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Patients with multiple sclerosis acquire disability either through: (1) Relapse-associated worsening (RAW), or (2) progression independent of relapse activity (PIRA). This study addresses the relative contribution of relapses to disability worsening over the course of the disease, how early progression begins, and the extent to which multiple sclerosis therapies delay disability accumulation. Using the Novartis-Oxford MS (NO.MS) data pool spanning all multiple sclerosis phenotypes and pediatric multiple sclerosis, we evaluated ∼200,000 EDSS transitions from >27,000 patients with ≤15 years follow-up. We analyzed three datasets: (A) A full analysis dataset containing all observational and randomized controlled clinical trials in which disability and relapses were assessed (N = 27,328); (B) All phase 3 clinical trials (N = 8364); and (C) All placebo-controlled phase 3 clinical trials (N = 4970). We determined the relative importance of RAW and PIRA, investigated the role of relapses on all-cause disability worsening using Andersen-Gill models, and observed the impact of the mechanism of worsening and disease modifying therapies (DMTs) on the time to reach milestone disability levels using time continuous Markov models. PIRA started early in multiple sclerosis, occurred in all phenotypes, and became the principal driver of disability accumulation in the progressive phase of the disease. Relapses significantly increased the hazard of all-cause disability worsening events: Following a year in which relapses occurred (vs a year without relapses), the hazard increased by 31-48%; all p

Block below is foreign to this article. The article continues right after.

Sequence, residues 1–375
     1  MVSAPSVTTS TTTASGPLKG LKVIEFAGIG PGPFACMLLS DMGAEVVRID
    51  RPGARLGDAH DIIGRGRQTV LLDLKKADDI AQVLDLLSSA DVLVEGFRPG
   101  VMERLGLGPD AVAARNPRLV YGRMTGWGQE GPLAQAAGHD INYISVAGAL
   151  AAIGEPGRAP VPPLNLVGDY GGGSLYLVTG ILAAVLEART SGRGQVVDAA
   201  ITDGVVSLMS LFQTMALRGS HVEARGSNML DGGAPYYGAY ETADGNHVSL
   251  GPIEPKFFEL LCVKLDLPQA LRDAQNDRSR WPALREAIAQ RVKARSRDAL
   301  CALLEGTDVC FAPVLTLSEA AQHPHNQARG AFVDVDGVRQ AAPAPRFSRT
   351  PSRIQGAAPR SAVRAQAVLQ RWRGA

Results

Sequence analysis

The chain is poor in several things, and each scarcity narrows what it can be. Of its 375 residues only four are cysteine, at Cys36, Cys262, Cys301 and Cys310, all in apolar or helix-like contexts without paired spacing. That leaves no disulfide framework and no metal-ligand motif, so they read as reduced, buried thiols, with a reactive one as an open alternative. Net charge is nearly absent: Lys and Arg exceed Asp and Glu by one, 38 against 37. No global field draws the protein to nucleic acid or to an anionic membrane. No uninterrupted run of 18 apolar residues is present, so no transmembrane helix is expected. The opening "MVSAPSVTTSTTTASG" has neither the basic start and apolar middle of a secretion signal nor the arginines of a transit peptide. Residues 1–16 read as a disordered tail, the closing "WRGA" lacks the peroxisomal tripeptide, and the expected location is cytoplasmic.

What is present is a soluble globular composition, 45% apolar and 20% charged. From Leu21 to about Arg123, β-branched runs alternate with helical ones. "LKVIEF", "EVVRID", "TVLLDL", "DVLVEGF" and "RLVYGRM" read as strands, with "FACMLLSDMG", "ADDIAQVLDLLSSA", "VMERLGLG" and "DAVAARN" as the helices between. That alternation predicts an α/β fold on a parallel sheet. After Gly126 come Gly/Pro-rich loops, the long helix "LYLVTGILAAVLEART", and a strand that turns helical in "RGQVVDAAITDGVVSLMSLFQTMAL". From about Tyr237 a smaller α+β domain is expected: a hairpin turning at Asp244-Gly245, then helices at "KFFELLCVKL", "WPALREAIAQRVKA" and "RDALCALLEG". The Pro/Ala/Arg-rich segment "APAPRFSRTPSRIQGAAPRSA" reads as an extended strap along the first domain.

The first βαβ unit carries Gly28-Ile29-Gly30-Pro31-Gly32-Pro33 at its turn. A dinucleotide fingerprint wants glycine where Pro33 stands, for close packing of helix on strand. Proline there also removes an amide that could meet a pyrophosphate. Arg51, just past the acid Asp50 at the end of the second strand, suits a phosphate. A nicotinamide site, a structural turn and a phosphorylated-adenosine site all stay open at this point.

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disability, disease progression, multiple sclerosis, progression independent of relapse activity, relapse